We might wonder why after netting an abundance of fish, the fishermen abandon that huge haul, and immediately follow this stranger, Jesus, who invites them into an alternative way of life.
These fishermen already know how to fish in order to sustain themselves and their family, and quite likely their community too.
Why would they want anything else for themselves besides the good advice Jesus had given them? What would cause these fishermen to leave everything behind and follow Jesus?
Remember: While the crowds were listening to Jesus preaching and teaching from the boat, Simon and the other fishermen were busy washing their nets. They were not the audience for Jesus’ teaching and preaching that day.
The fishermen had been fishing all night long but had caught nothing, so in their minds, they were done for the rest of the day and they were probably a bit upset about the way the night had gone for them.
I cannot help but think that for these fishermen, this night without a catch spoke to the greater heartbreak in the life of their community. The Gospel of Matthew describes the people of this region as the ones “who lived in the region and in shadow of death.” That’s pretty dire. It sounds like they are living in a hopeless place. These fishermen
had probably seen and experienced profound evil in their lives and in their land. They most likely had been dealing with situations beyond their control, and they may have even wondered from time to time if God had abandoned them.
Their experience of the world could not be denied, and this man from Nazareth in his preaching and teaching cast a net of light where there was once darkness– hope where there was once despair.
And yet, the temptation when there is no light is to stay in the dark—to remain hidden— undercover– to remain unseen—to stay invisible and not draw attention.– to not venture out of the comfort of the darkness and into the places we cannot see.
But Jesus, after he had finished speaking to the crowds, sought out these individual fishermen, the ones who worked in the dark of night, and he spoke to the depths of their souls. Jesus was willing to go out into the deep water with them in the light of the day.
The truth of the matter is, Jesus told these fishermen exactly what they knew how to do already but they hadn’t been doing it because they had gotten into a rut.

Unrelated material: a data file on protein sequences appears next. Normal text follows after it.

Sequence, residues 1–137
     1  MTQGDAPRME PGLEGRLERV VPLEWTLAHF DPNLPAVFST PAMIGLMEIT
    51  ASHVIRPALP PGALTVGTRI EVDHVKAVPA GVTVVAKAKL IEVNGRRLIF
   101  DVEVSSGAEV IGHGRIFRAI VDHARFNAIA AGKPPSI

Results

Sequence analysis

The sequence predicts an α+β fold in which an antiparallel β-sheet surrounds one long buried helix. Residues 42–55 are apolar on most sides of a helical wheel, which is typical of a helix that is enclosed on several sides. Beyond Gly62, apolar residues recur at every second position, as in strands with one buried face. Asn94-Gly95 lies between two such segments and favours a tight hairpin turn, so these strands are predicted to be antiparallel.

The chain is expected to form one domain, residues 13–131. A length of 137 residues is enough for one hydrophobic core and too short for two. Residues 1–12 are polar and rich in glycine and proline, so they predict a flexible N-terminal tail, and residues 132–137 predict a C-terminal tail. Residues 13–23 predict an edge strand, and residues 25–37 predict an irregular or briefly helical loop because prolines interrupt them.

The fishermen had fallen into a pattern of fishing only at night, perhaps to avoid the tax collectors or other bandits and thugs that were active during the day. Why else would Jesus tell them, “Do not be afraid?” He surely wasn’t talking about being afraid of the flopping fishes or the breaking nets—these are just things.
What really mattered then and what really matters today are people—people who need to be fed, not only by their own labor, but by the labors of others. When the fishermen were hurting, the entire community was hurting.
The time had come for the fishermen to change and they knew it because of their life changing encounter with Jesus. This is why they left everything and followed him.
In a similar way, scouts follow their troop leaders and put their trust in them to lead them in ways that will help them learn and grow. Through mentoring and inspiring kids to be their best selves, scoutmasters and troop leaders see kids for who they really are, and they help to shape and mold their character in ways that help their inner light shine bright in the world.
And so we thank God today for scoutmasters and troop leaders. May the light of their love of scouting shine into the lives of our young people who then in turn shine their light into the rest of the world.
Let us all claim for ourselves today that old camp song, “This little light of mine.”
Everywhere you go, and all through the night, let that light shine as a hope for a better world today and always.